The Advanced Photon Source
a U.S. Department of Energy Office of Science User Facility

A Promising Future-Generation Lithium-Ion Battery Cathode Material

Lithium-ion (Li-ion) batteries are the best electrical energy storage systems for mobile phones, laptop computers, power tools, and other portable consumer electronics devices due to their numerous advantages over other current rechargeable battery chemistries, most especially their long cycle life and intrinsically high energy densities. Challenges remain, however, in adapting this technology for advanced medical, aerospace, smart grid, and transportation applications in part because they all require significantly higher energy capacities. An international team of researchers recently investigated vanadium pentoxide (V2O5), a promising alternative cathode material to avoid the critical element cobalt, by comparing the electrochemical and mechanical performance of electrodes made from two of its structural motifs, two-dimensional layered α-V2O5 and one-dimensional tunnel-structured ζ-V2O5. While the structure on atomic scale is very different, the shape and size of the nanowires forming the electrode material was similar. By evaluating electrodes fashioned according to the same specifications, the researchers were able to disentangle the roles of differences in structure and atomistic diffusion pathways from other factors affecting performance. The researchers pinpointed the causes of the differences seen in performance during charging and discharging using operando synchrotron x-ray diffraction (XRD) measurements, ex situ scanning transmission x-ray microscopy (STXM), and phase-field modeling. The high-resolution operando synchrotron XRD patterns were collected at the U.S. Department of Energy’s Advanced Photon Source (APS), while the STXM measurements were made at the Canadian Light Source. These results were published in the Proceedings of the National Academy of Sciences of the United States of America.

During Li‐ion battery operation, Li+ ions progressively fill the interstitial spaces of the cathode (lithiation) during discharge and vacate (delithiation) as the battery recharges. Ideally, a fully lithiated cathode material should achieve a large energy capacity by holding Li+ ions and releasing them easily and quickly during delithiation, all with low  and completely reversible changes to intercalation host structures to maintain a high energy capacity and minimum internal stresses upon repeated cycling. The researchers compared the electrochemical and mechanical performance of the two different structural ordering of the same material  used in coin cells. The so-called α-V2O5 is the most common structure, while ζ-V2O5 is a metastable outsider, but still stable up to 500oC.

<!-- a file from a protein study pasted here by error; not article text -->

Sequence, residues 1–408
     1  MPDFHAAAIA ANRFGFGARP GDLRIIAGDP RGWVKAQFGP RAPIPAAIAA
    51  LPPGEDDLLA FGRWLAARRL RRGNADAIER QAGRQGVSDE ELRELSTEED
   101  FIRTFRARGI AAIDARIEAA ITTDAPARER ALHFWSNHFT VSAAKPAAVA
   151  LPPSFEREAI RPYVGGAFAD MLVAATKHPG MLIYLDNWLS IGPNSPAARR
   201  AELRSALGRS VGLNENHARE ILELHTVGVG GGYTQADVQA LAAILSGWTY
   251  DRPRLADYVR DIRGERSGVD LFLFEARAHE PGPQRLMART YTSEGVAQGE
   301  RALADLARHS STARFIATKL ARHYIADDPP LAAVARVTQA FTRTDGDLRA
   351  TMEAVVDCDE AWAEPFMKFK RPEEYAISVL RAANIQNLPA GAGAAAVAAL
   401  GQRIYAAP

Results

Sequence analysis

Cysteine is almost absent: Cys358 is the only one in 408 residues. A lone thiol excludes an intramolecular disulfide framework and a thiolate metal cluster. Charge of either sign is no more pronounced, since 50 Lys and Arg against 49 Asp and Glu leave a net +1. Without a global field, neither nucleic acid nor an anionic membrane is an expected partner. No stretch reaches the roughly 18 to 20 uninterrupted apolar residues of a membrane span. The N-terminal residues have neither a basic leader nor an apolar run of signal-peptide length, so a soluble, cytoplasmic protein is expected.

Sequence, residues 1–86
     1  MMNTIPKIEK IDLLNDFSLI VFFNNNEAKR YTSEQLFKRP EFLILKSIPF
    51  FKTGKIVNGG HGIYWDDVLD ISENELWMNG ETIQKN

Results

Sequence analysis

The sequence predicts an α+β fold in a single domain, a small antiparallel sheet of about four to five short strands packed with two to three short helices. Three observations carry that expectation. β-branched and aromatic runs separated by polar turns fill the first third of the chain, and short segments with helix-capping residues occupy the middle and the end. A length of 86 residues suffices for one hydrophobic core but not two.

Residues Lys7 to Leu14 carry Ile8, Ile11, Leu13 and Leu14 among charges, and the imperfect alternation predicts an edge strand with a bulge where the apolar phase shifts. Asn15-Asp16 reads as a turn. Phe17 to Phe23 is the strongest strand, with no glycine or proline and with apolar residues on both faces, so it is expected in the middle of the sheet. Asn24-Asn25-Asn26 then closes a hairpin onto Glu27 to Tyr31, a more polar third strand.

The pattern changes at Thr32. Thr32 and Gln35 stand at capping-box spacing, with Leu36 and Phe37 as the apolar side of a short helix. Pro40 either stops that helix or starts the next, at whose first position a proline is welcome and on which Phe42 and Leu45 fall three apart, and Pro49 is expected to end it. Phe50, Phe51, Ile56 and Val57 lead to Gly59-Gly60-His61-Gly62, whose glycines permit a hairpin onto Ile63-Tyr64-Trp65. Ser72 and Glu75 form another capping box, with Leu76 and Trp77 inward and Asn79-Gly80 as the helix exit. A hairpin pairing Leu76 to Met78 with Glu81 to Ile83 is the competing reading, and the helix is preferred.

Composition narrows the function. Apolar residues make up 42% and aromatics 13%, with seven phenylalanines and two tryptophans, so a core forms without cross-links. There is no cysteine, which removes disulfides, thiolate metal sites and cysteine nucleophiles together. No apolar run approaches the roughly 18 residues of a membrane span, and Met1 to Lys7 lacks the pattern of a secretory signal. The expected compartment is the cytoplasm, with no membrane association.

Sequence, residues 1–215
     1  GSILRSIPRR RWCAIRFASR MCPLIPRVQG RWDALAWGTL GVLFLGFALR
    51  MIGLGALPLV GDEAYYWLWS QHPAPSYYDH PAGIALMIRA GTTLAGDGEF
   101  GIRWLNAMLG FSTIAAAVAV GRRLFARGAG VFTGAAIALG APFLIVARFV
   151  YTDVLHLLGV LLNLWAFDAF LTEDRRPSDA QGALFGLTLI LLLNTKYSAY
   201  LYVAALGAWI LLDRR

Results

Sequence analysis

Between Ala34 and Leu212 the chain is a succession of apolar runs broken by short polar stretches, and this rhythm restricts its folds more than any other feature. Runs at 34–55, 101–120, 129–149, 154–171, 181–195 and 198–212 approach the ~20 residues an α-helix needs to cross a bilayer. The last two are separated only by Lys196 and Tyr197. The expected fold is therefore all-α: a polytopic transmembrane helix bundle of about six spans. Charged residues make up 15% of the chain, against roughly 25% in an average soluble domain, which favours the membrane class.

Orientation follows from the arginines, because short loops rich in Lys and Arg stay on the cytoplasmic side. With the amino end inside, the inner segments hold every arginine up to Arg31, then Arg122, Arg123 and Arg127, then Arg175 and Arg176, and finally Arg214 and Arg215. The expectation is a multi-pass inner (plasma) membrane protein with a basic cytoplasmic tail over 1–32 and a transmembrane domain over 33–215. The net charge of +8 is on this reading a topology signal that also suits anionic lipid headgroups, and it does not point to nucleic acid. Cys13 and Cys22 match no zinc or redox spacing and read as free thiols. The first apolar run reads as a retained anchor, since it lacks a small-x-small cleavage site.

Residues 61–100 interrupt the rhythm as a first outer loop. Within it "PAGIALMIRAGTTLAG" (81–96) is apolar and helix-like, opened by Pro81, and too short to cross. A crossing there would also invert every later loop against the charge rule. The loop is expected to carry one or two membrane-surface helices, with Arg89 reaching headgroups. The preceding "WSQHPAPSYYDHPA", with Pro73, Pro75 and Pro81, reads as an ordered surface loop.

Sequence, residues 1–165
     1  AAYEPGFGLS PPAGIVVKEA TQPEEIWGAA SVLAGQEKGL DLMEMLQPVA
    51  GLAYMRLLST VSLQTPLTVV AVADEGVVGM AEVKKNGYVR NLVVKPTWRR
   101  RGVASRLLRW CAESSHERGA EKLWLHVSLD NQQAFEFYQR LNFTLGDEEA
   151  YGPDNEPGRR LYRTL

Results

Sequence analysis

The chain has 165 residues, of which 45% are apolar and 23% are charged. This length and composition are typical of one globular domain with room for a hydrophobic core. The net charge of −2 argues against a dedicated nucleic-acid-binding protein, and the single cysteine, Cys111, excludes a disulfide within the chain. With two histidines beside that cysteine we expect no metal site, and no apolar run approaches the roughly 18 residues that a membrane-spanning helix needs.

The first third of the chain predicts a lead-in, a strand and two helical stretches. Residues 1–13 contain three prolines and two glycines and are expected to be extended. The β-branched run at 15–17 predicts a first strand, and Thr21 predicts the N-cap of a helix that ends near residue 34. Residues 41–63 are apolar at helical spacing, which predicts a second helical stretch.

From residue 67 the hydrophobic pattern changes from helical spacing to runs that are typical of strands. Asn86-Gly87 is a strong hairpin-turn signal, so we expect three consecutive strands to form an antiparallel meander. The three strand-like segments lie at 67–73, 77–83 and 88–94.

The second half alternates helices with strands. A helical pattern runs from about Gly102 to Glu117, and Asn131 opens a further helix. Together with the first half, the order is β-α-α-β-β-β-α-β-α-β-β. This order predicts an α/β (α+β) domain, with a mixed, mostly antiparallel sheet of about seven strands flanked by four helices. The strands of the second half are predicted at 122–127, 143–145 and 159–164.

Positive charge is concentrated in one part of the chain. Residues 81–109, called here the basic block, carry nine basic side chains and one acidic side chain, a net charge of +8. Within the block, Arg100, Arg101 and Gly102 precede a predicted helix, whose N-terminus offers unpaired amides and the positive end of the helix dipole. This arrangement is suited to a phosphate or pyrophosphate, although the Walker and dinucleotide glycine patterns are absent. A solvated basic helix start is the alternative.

The researchers found significant differences in voltage hysteresis, capacity retention, and other characteristics when the two structures were electrochemically cycled. Operando multibeam optical stress-sensor experiments and phase-field modeling revealed that ζ-V2O5exhibited substantially lower stress accumulation in comparison to α-V2O5. ζ-V2O5 also showed about 79% capacity retention after 100 cycles while the capacity retention for α-V2O5 was only 48%. Furthermore, ζ-V2O5displayed an excellent rate capability and maintained a high capacity of 320 mAh/g after 555 cycles.

Operando synchrotron XRD studies performed at the X-ray Science Division Structural Science Group’s beamline 17-BM of the APS concurrently with electrochemical cycling allowed the researchers to examine the dynamical evolution of the two structures as a function of Li-ion concentration, revealing that distinctive lithiation mechanisms operated in these two structures. Lithiation/delithiation cycling caused a series of intercalation-induced phase transformations in α-V2O5 that were ultimately irreversible beyond x > 1 in LixV2O5. In contrast, ζ-V2O5lithiation/delithiation proceeded through reversible reordering of Li+ ion occupancies in the interstitial sites with complete preservation of the tunnel framework (Fig. 1). Ex situ STXM imaging of ensembles of lithiated particles coupled with phase-field modeling carried out at beamline 10ID-1 of the Canadian Light Source confirmed the significant phase heterogeneities in α-V2O5and the easy homogeneous lithiation of ζ-V2O5 along its 1D tunnels.